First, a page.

How to Protect Yourself and Your Family From Preventable Diseases
Updated: Nov 3, 2022
(StatePoint) Both in the United States and globally, childhood and adult vaccination rates have seen what community health experts are calling a “concerning decline” since the start of the COVID-19 pandemic. Now is the time to ensure that you and your children are up to date on all recommended vaccines to best protect you and your family from preventable diseases.
“Vaccines are among the greatest medical breakthroughs in the history of medicine. Millions of lives have been saved and severe outcomes from various diseases have been prevented because of vaccines. At this moment, in part because of people missing routine immunizations during the COVID-19 pandemic and in part because of misinformation around vaccines, our vaccination numbers have declined, which has impacted certain populations who are more susceptible to preventable diseases. I urge you to check with your physician, schedule that preventive screening, and make sure you and your children are up to date on your vaccines,” says Jack Resneck Jr., M.D., president of the American Medical Association.
According to Dr. Resneck, here are three steps to take to get back on track:
1. Schedule routine visits with your and your child’s physicians for important preventive care, including recommended health screenings and vaccines based on age and health status. Babies and young children are especially susceptible to vaccine-preventable diseases, and right now, tens of thousands of children in the U.S. are not up to date on their vaccination against extremely contagious diseases, such as measles and whooping cough.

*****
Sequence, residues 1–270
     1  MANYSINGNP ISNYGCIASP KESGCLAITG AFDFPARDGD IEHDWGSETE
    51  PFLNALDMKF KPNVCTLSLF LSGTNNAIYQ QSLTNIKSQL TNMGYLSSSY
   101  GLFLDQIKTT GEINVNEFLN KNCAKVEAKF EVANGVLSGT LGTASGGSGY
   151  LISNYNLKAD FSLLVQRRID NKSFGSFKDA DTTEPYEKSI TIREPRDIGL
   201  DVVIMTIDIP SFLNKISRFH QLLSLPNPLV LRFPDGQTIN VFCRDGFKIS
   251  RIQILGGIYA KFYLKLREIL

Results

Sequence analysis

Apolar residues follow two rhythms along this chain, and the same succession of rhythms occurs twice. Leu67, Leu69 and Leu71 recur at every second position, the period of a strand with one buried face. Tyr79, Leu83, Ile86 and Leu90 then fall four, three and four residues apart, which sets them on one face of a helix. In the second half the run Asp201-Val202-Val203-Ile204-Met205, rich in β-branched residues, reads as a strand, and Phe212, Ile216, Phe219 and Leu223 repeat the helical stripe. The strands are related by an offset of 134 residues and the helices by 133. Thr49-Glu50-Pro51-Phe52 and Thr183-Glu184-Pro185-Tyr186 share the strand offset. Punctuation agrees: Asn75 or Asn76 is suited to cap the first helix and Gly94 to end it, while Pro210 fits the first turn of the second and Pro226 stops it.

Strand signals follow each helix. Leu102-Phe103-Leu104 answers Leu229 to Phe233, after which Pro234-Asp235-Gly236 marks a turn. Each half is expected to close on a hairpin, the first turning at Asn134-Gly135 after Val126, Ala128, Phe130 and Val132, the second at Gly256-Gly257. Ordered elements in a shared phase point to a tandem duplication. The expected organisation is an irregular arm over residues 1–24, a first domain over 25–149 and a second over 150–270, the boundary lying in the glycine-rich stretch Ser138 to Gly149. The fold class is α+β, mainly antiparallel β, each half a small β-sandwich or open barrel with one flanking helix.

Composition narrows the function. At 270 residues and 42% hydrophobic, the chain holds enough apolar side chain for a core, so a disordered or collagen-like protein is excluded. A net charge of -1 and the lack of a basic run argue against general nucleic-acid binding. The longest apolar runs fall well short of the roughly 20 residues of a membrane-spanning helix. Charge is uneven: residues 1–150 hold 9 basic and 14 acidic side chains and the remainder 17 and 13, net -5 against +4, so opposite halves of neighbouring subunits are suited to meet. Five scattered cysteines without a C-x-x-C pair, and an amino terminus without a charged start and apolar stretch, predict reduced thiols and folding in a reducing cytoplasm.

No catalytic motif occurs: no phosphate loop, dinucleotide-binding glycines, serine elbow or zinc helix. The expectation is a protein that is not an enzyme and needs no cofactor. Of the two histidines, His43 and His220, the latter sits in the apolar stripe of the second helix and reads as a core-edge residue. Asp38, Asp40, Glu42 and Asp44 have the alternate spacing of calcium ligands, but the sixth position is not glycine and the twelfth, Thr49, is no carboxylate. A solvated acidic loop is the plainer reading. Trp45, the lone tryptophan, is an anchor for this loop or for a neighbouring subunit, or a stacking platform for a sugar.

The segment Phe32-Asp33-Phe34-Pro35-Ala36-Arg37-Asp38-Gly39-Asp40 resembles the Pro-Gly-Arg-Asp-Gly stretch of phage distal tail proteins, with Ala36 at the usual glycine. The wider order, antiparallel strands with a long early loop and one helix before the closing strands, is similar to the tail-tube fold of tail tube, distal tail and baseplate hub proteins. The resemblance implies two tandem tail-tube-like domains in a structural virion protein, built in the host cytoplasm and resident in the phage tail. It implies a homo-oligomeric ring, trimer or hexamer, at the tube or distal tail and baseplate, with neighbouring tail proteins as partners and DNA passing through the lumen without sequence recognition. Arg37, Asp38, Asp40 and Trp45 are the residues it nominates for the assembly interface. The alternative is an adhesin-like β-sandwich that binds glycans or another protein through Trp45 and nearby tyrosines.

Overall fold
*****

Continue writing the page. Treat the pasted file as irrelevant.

2. You should also make sure that you and your children are up to date on COVID-19 vaccines, Experts have cautioned about a possible surge this fall and winter. With new Omicron-specific bivalent boosters available for people 12 and older, the time for additional protection from severe outcomes from COVID-19 is now. Additionally, all children aged 6 months and up are eligible for the COVID-19 vaccine, and physicians highly recommend getting vaccinated as early as possible. You can get a COVID-19 vaccine and a flu vaccine at the same time if you are eligible, and the timing coincides. For more information on COVID-19 vaccines, visit: getvaccineanswers.org.
3. Understand that even countries once declared polio-free or measles-free are not risk-free, particularly for the unvaccinated. An adult in New York was recently partially paralyzed by polio, and the virus has been found in area wastewater samples, leading to the declaration of a disaster in the state to help support localities in responding to the outbreak. Because some areas and populations are under-vaccinated, the risk of contracting vaccine-preventable diseases is increased.
“Unfortunately, if we don’t get our vaccine coverage rates back to where they were before the pandemic began, we run the risk of seeing outbreaks of vaccine-preventable diseases that we thought we’d long ago overcome,” says Dr. Resneck. “To protect yourself and your family from current and future outbreaks, get up to date on vaccinations now.”